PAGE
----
The demand for dating apps over the last decade has seen various matchmaking platforms take their own stance on how users ought to find their perfect match. Beginning with a simple formula, where users create a dating profile and then begin swiping on those created by others, different dating apps have either manipulated their algorithms, or marketed a specific experience, in order to win their share of the market.
The original leader in this space, Tinder, became extremely popular in part because of this gamified approach to matchmaking. The app centers around users swiping either left or right on potential candidates, without knowing if someone else has liked them back. This casual approach is augmented by the fact that users can get up and running super fast, as the app makes the use of a bio and pictures optional.
Tinder initially had a broad application, from people looking for either long-term relationships or just pursuing a casual fling. Slowly, though, the app garnered a reputation for hosting hook-up culture, driving away users looking for something a little more serious.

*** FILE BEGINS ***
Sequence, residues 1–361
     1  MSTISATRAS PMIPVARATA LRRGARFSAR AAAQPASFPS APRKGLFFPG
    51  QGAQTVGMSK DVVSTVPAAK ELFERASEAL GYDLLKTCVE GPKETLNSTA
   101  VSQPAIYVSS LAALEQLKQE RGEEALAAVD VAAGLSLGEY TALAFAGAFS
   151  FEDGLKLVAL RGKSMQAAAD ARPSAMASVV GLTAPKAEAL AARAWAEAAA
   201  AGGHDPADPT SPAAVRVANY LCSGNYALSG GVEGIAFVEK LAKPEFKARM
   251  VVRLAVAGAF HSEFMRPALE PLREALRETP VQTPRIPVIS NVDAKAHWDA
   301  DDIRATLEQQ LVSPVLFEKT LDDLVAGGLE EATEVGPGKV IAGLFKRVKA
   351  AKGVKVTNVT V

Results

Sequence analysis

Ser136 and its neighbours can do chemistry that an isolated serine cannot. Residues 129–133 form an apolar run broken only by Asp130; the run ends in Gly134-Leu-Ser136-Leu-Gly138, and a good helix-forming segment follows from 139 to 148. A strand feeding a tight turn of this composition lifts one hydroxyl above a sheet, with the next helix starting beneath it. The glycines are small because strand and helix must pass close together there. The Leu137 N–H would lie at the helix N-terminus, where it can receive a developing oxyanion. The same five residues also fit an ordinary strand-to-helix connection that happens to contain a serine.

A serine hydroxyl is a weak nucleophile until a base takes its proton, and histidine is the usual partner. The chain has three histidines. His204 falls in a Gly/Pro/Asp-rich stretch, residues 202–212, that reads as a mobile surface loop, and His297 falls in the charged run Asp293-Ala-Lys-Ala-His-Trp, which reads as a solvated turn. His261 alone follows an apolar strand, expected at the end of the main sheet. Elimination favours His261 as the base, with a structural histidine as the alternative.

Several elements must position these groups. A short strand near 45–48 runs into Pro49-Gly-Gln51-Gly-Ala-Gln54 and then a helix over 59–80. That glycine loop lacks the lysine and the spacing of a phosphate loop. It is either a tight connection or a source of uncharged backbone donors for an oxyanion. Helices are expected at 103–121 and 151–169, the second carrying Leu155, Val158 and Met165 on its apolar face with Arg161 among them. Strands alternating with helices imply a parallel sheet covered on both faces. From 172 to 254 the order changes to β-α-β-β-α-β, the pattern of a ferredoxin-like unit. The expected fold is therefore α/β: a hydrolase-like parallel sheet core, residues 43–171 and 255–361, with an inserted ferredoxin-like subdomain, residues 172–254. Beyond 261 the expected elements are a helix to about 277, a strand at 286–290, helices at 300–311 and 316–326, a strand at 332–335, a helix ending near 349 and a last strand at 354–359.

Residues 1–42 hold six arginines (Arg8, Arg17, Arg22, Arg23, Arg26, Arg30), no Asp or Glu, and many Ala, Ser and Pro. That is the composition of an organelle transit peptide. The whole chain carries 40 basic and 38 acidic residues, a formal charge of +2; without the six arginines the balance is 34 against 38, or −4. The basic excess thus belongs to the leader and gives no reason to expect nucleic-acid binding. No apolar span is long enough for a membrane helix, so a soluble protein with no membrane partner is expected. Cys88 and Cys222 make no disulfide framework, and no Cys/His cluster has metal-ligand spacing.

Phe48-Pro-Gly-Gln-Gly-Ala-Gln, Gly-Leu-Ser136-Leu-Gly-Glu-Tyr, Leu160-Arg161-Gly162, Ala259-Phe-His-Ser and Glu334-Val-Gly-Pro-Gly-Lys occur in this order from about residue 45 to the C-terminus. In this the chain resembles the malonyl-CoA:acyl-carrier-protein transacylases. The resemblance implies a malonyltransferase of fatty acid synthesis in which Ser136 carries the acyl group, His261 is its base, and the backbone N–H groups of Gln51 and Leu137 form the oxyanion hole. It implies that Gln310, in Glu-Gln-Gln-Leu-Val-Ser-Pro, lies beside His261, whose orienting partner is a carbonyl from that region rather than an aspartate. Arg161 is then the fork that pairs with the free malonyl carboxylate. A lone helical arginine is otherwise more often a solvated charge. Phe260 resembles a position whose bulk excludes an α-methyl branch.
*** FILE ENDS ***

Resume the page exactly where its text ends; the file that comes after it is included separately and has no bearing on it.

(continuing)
Providing a solution to this was Hinge, a dating app currently favoured by millennials and Gen Z, which markets itself towards helping daters build serious relationships. The app’s founder, Justin McLeod, believes that features, such as the obligatory bio building stage, help the app to attract a “more intentioned, thoughtful user base”.
Hinge and Tinder are both owned by the Match group, alongside Match.com, OKCupid, PlentyOfFish, Ship, and OurTime. The group reported a revenue of $640m and net income of $132m in the third quarter of 2020, making it the most dominant force in the market.